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Earthenware vase with workforce signatures - c.1930

Earthenware vase with workforce signatures, © Wedgwood Museum
    Earthenware vase with workforce signatures
    © Wedgwood Museum

Vase; each leaf signed by member of workforce as a leaving gift for an apprentice called Chapman. Veronese glaze, sgraffito leaf design. Earthenware. Thrown by Fred Halfpenny, turned by W Jinks, designed and decorated by Harry Barnard c.1930

Vase; each leaf signed by member of workforce as a leaving gift for an apprentice called Chapman. Veronese glaze, sgraffito leaf design. Earthenware. Thrown by Fred Halfpenny, turned by W Jinks, designed and decorated by Harry Barnard c.1930

  • Type of object: Ornamental ware/vase
  • Mark: WEDGWOOD
    [Impressed]
  • Year produced: c.1930
  • Body: Queen's ware, cream-coloured earthenware
  • Decoration: sgraffitto
  • Accession number: 5878

Other images

Related people

  • Harry Barnard

    Harry Barnard (1862 - 1933)

    Harry Barnard left school at the age of 15 to work in a modelling shop in London, he later left this position to enrol at the Royal School (now Royal College) of Art where he studied drawing and modelling. In l880 he joined the Doulton Lambeth Studios, working under the supervision of Mark Marshall. At the age of 22 he was the under-manager of the extensive studios (which then employed 325 women and 45 men and boys). All the work produced was hand-crafted. In February 1895 he left Doulton to join the Cobridge based firm of James Macintyre. A year later he joined the Wedgwood factory at Etruria. He was able to apply his expertise in hand-crafted wares - for example slip decorating, jewelling, sgraffito and pate-sur-pate to its fullest extent. He utilised his art techniques on traditional Wedgwood Ceramic bodies, such as Jasper and Black Basalt. He also produced designs for production in bone china, stone ware, Majolica and tiles. For a number of years between 1902 and 1919 he became the Wedgwood London Manager, returning to the factory he collaborated on special projects such as a new edition of the famed Portland Vase. He also assisted extensively with the factory Museum, and both wrote and lectured on Wedgwood ware and history. He continued to design and decorate individual art wares until his death in 1933.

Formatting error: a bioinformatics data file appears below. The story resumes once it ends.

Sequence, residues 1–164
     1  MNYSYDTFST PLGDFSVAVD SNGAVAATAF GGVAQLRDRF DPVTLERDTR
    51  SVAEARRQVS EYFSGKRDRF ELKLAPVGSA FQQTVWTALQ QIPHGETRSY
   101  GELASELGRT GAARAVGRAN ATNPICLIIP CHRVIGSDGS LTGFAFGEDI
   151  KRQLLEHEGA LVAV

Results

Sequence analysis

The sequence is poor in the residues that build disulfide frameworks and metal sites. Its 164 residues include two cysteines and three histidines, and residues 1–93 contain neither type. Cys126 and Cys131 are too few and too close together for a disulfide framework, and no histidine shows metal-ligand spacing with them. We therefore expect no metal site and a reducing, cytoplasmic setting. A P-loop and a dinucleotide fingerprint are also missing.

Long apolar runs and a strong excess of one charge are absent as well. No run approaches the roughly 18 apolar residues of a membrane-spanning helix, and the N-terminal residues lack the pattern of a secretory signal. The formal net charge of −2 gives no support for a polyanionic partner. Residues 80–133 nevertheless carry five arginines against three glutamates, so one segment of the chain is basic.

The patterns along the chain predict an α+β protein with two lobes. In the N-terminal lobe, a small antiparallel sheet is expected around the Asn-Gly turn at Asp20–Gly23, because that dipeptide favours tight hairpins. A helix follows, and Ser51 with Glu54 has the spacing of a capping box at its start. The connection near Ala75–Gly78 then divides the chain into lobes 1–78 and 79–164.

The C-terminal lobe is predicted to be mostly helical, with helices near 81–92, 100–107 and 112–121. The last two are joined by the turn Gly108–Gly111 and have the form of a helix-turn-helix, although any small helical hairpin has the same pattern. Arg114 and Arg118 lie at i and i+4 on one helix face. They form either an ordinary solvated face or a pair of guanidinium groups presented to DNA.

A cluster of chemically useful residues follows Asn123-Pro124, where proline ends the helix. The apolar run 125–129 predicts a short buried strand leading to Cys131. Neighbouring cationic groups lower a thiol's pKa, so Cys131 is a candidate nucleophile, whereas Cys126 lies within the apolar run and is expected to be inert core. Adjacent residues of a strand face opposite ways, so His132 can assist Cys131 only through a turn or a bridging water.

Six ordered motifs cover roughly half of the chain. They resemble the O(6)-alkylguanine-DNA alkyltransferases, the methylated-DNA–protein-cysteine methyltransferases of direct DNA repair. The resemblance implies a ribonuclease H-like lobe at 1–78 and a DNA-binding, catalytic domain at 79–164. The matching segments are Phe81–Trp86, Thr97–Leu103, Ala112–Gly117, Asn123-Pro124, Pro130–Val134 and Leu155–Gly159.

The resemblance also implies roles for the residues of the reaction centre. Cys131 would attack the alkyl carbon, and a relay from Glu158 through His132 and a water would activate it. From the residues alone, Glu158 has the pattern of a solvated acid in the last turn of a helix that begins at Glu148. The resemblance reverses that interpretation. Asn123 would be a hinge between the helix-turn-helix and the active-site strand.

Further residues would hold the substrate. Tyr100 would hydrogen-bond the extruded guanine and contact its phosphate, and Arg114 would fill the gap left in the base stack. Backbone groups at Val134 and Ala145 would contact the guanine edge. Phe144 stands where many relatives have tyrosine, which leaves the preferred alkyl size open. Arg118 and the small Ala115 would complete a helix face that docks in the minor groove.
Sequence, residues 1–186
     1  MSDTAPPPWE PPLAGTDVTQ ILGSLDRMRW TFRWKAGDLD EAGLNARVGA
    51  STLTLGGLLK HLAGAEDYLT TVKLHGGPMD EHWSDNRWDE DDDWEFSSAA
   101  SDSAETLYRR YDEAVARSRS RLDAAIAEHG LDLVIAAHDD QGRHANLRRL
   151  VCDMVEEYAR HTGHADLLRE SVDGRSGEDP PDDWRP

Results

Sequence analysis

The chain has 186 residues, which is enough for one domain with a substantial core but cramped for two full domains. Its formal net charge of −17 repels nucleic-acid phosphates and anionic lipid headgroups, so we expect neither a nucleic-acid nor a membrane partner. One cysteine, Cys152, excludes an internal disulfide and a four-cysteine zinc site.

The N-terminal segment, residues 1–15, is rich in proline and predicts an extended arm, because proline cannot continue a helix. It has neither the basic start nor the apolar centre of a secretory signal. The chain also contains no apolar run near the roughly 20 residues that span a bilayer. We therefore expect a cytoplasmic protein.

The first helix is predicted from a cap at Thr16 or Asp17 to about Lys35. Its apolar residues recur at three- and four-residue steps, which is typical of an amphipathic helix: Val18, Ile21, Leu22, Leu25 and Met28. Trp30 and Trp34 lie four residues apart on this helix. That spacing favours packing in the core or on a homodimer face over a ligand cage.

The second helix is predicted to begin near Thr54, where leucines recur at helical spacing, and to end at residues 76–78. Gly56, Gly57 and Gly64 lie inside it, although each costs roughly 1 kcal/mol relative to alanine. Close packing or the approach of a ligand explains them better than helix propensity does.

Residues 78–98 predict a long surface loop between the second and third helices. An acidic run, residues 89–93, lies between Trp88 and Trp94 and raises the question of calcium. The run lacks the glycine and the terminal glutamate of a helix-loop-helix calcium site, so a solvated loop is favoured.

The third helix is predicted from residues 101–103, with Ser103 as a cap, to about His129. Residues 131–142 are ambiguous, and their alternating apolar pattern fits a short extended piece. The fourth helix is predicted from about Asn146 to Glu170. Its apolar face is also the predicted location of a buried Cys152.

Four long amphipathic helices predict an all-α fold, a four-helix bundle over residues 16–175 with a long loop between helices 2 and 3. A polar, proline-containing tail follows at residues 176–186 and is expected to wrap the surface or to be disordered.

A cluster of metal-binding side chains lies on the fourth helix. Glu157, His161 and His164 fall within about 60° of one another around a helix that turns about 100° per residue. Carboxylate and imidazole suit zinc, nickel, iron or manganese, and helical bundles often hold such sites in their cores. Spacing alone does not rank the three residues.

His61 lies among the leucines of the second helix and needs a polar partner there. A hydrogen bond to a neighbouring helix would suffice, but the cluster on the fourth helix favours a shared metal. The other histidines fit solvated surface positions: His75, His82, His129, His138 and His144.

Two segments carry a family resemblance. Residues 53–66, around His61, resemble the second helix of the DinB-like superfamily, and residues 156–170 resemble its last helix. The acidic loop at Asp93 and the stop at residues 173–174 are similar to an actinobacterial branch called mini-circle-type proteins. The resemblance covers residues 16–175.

Glossary

  • Sgraffito

    Sgraffito

    Sgraffito is a technique in ceramics where two successive layers of contrasting 'slip' (liquid clay) are applied to an unfired ceramic body and then scratched to produce an outline drawing. The technique can also apply to wall decor where layers of plaster are tinted in contrasting colours.